The Resolution also invited negotiators of the Nagoya Protocol to: (1) take into account the special nature of agricultural biodiversity, in particular of genetic resources for food and agriculture, their distinctive features and problems needing distinctive solutions; (2) consider sectoral approaches which allow for differential treatment of different sectors or sub-sectors of genetic resources, different genetic resources for food and agriculture, different activities and purposes for which the activities are carried out; (3) to explore and assess options that allow for adequate flexibility to acknowledge and accommodate existing and future agreements relating to access and benefit-sharing developed in harmony with the Convention on Biological Diversity and (4) to work closely with the Commission on Genetic Resources and the Governing Body of the International Treaty regarding access and benefit-sharing in the area of genetic
    resources for food and agriculture in a mutually supportive manner in future years.

    An analysis of the Nagoya Protocol shows that FAO’s appeal to the negotiators of the Protocol did not go unheard. The Protocol explicitly recognizes the importance of genetic resources to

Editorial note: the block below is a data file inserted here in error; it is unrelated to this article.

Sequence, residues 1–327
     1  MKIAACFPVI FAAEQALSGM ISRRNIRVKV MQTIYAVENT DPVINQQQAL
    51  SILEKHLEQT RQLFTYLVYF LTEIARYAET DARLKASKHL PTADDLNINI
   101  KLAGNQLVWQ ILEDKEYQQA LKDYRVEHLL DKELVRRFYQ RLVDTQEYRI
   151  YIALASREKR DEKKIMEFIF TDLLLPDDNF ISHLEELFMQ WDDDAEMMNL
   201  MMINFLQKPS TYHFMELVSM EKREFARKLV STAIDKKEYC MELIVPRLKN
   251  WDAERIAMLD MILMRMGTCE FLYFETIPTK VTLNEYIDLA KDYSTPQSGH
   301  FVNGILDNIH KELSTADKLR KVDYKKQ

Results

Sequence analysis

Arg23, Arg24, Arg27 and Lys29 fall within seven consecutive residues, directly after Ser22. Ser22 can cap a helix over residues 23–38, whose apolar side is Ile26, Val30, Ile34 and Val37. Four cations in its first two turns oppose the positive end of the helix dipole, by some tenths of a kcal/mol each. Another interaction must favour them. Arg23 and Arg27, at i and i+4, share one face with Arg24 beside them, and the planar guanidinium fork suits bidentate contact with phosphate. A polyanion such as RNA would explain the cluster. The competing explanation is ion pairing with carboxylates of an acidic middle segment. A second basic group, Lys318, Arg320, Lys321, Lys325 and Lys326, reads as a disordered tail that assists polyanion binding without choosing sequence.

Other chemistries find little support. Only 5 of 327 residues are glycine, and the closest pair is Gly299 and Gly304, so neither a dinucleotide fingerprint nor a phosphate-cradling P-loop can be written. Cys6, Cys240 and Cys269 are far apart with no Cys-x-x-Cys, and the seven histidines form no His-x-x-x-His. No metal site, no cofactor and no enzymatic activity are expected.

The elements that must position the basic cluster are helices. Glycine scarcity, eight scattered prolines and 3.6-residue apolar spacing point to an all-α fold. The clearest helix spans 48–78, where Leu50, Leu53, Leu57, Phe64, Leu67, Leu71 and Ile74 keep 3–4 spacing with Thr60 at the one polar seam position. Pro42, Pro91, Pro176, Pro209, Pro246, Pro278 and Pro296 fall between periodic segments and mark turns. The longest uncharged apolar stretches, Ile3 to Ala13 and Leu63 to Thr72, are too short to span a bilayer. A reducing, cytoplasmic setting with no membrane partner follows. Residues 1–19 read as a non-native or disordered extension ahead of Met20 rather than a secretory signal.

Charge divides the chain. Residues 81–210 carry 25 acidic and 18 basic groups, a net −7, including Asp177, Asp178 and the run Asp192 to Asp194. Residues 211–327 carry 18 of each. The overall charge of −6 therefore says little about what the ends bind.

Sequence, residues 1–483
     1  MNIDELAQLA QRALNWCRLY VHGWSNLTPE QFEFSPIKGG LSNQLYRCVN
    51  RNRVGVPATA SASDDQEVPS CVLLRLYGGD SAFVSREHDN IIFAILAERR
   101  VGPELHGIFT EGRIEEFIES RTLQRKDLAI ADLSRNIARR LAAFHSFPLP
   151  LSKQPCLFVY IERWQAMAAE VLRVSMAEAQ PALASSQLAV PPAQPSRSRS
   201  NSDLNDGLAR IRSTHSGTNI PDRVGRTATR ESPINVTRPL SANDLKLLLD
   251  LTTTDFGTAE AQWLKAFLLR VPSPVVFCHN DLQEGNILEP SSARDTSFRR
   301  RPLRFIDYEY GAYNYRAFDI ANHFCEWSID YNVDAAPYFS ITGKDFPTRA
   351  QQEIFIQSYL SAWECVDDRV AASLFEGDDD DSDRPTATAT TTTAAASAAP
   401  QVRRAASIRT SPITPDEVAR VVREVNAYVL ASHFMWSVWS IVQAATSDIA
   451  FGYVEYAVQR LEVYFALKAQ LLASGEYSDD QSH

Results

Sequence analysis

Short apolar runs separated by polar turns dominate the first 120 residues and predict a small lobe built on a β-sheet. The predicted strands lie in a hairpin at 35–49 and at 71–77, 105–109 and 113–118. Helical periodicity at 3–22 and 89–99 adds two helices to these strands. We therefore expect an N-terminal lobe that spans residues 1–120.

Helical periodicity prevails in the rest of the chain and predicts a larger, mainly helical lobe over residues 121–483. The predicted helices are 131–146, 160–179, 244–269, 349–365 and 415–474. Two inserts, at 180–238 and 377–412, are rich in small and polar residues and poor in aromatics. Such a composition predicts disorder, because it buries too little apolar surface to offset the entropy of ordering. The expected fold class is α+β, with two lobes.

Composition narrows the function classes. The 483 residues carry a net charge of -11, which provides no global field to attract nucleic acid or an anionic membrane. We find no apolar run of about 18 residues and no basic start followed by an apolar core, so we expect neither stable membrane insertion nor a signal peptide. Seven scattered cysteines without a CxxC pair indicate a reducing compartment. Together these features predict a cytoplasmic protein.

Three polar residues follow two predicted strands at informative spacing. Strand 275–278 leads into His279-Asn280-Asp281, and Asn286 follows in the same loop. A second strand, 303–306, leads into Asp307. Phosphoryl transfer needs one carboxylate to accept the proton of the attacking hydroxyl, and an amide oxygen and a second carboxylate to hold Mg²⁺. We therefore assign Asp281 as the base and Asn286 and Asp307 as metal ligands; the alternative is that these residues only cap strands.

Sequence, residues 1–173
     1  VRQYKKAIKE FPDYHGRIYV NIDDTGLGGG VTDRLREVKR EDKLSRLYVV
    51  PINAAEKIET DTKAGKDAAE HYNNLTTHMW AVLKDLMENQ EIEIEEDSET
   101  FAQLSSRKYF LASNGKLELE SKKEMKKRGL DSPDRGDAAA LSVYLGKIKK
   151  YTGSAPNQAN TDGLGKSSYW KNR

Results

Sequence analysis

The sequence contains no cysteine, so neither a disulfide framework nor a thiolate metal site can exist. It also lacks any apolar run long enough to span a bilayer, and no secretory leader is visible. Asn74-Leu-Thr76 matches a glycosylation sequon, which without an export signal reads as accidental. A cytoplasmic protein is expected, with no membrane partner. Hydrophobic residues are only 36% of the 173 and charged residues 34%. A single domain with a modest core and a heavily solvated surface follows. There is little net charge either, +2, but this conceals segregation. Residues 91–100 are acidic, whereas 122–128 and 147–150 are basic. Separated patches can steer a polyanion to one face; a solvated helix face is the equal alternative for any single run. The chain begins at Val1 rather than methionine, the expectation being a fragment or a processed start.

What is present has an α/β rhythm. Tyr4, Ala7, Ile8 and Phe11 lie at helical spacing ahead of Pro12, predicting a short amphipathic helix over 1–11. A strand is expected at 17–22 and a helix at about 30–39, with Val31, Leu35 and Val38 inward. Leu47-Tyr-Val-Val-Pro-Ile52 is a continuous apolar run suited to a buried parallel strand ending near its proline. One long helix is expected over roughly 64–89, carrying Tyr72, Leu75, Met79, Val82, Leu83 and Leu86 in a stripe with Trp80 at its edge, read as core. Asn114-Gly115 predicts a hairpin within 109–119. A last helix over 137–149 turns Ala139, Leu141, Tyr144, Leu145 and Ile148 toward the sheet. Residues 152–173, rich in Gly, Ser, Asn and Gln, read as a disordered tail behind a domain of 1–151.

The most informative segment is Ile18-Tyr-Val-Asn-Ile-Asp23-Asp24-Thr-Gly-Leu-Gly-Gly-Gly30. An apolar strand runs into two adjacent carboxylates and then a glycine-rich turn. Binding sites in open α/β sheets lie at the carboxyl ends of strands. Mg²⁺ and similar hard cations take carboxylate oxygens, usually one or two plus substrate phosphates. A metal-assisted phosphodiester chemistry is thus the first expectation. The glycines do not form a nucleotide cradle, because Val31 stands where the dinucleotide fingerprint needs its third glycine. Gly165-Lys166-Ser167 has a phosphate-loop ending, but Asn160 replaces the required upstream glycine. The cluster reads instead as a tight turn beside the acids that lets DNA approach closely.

food security, the special nature of agricultural biodiversity, its distinctive features and problems needing distinctive solutions, as well as the interdependence of all countries with regard to
    GRFA and the special nature and importance of these resources for achieving food security worldwide and for sustainable development of agriculture in the context of poverty alleviation and climate change. In this regard, the Protocol also acknowledges the fundamental role of the International Treaty and the Commission.

    The Protocol also requires its Parties to consider, in the development and implementation of their access and benefit-sharing legislation or regulatory requirements, the importance of GRFA and their special role for food security. In addition, they shall create conditions to promote and encourage research which contributes to the conservation and sustainable use of biological diversity, particularly in developing countries, including through simplified measures on access for non-commercial research purposes, taking into account the need to address a change of intent for such research. The Protocol also leaves ample room for other international agreements in the field of access and benefit-sharing. The Protocol does not prevent its Parties from developing and implementing other relevant international agreements, including other specialized access and benefit-sharing agreements, provided that they are supportive of and do not run counter to the objectives of the Convention and the Protocol. One of the instruments explicitly acknowledged by the Protocol is the International Treaty developed in harmony with the Convention.